The ECB cannot support Eurozone alone, according to Bank of England Governor

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The Governor of the Bank of England Mark Carney has cautioned that the current structure of the Eurozone makes the situation “odd”. Mr Carney stated that sharing a currency without also sharing decisions on taxes and spending is currently not working out for Europe.
The Governor of the Bank of England Mark Carney has cautioned that the current structure of the Eurozone makes the situation ‘odd’. Mr Carney stated that sharing a currency without also sharing decisions on taxes and spending is currently not working out for Europe. ‘For complete solutions to current and potential future problems the sharing of fiscal risks is required,’ he told an audience in Dublin, Ireland.

At the moment, EU spending decisions are being made at a national level. Mr Carney said that there was no coincidence that effective currency unions had mainly centralised fiscal authorities. ‘The European monetary union will not be complete until it builds mechanisms to share fiscal sovereignty,’ he said.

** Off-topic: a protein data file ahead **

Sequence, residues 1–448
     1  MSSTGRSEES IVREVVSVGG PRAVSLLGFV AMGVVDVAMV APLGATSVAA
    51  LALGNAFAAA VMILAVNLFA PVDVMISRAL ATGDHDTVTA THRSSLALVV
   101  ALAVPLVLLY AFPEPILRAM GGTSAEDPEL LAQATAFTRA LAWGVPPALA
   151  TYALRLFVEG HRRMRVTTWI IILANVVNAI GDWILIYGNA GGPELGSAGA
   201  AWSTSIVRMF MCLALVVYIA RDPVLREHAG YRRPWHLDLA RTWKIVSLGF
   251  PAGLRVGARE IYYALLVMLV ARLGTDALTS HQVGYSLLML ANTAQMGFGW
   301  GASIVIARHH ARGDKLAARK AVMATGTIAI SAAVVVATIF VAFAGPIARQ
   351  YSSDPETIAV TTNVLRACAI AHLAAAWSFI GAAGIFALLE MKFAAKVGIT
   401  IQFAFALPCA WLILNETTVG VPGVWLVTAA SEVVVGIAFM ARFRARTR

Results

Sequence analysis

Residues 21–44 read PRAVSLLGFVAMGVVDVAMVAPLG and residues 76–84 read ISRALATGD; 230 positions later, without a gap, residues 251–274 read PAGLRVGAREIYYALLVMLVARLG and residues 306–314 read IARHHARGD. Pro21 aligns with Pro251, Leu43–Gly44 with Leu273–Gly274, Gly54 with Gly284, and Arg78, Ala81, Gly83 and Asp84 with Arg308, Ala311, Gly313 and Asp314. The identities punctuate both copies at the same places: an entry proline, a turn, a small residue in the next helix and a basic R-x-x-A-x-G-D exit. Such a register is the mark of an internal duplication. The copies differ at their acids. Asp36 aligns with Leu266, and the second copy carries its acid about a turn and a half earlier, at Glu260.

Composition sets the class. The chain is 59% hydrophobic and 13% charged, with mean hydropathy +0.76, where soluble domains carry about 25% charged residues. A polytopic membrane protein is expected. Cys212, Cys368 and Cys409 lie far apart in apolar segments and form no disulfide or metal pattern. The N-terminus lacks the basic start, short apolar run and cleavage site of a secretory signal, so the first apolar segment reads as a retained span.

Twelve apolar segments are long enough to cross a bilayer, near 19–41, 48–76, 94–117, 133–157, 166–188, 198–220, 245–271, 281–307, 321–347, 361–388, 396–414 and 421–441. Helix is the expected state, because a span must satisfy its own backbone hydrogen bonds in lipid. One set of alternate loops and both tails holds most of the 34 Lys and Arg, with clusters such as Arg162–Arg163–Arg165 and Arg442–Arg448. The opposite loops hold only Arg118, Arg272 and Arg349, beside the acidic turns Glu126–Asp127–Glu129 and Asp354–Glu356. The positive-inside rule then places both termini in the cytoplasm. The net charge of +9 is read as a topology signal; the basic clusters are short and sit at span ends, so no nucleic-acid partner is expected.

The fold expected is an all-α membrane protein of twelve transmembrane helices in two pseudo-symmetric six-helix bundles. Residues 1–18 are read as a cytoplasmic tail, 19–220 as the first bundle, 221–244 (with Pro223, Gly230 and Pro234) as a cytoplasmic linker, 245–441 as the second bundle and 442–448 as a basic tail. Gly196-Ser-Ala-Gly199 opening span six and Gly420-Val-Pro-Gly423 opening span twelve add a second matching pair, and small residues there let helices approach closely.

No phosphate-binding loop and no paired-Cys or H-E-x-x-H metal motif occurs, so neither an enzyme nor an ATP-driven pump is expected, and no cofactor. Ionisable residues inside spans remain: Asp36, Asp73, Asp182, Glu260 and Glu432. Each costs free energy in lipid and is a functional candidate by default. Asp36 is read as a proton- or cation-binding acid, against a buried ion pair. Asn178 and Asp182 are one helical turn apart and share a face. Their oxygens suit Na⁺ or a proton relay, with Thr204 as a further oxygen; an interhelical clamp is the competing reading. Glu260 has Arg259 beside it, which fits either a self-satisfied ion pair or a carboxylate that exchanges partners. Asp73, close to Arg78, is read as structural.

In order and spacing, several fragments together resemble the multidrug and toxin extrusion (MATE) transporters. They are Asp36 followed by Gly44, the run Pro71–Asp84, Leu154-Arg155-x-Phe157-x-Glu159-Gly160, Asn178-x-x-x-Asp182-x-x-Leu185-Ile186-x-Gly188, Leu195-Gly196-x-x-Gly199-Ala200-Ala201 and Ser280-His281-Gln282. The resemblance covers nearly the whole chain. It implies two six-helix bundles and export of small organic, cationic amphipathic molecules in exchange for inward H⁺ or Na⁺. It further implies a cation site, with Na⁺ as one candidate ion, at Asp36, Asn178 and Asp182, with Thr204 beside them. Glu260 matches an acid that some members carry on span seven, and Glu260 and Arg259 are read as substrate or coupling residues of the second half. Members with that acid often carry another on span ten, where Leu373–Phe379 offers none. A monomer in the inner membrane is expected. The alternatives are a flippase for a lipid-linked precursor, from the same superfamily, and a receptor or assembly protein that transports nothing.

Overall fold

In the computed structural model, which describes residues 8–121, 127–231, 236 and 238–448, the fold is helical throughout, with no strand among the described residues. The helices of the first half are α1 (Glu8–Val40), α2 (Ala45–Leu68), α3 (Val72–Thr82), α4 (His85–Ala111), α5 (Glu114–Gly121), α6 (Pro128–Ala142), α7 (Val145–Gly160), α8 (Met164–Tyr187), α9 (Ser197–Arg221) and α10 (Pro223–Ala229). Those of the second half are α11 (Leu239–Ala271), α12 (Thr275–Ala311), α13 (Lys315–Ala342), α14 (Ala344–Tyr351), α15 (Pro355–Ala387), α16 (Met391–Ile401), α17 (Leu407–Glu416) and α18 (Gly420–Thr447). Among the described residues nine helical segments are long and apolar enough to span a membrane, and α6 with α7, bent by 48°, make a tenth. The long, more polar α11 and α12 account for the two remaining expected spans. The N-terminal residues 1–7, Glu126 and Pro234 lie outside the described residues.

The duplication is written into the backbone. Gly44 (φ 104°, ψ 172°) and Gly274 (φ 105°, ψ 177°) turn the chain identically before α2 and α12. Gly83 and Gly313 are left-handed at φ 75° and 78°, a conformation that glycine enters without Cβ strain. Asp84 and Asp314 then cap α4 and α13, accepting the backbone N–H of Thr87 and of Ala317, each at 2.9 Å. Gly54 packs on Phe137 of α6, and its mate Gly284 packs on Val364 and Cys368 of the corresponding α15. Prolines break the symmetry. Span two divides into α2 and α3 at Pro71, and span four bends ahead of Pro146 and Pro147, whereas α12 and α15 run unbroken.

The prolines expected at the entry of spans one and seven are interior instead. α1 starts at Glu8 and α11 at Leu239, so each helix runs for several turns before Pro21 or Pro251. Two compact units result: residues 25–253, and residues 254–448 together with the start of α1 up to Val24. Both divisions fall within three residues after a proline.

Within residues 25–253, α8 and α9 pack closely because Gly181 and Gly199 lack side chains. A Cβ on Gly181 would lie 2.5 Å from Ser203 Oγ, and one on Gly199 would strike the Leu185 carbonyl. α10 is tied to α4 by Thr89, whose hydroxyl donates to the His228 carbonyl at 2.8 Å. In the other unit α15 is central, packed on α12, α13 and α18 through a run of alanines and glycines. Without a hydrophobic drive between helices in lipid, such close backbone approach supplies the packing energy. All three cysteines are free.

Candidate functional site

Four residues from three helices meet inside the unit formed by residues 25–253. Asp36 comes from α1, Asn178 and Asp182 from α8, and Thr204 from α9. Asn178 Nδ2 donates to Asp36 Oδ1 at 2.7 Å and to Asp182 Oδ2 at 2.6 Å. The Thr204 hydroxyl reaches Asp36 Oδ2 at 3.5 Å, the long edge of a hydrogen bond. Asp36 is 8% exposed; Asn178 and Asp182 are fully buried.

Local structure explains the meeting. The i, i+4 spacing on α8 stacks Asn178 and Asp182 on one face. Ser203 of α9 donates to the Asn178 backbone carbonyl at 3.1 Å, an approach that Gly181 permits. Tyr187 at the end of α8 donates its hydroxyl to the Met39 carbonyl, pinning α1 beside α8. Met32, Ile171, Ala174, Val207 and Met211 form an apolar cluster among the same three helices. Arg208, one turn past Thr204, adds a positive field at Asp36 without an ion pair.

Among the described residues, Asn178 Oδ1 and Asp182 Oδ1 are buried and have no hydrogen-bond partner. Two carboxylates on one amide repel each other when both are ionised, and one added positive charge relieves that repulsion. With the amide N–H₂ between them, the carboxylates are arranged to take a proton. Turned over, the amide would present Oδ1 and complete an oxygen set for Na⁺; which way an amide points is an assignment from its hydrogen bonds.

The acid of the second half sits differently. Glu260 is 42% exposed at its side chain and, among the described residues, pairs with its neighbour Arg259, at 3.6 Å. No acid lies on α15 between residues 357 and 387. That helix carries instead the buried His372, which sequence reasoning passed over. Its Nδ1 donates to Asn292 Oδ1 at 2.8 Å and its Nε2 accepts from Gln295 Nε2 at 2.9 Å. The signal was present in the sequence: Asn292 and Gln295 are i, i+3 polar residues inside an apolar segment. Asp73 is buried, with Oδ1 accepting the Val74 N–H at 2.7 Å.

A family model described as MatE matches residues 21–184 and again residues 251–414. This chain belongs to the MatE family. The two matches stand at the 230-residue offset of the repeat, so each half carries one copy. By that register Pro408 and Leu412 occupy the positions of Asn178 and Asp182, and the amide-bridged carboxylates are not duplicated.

But it is the timing of the intervention which is striking; coming a few days after the European Central Bank launched more than a billion euros of public-sector and private-sector debt purchases, or quantitative easing, as Eurozone countries such as Germany are reluctant to provide further financial help to Greece.

Mr Carney reviewed the ECB’s actions as being ‘timely and welcome’ but warned the ‘ECB alone cannot reduce the risks of a prolonged recession. Europe needs a coherent plan to anchor expectations, build confidence and escape its debt. That plan begins but does not end with the monetary policy from the ECB,’ he added.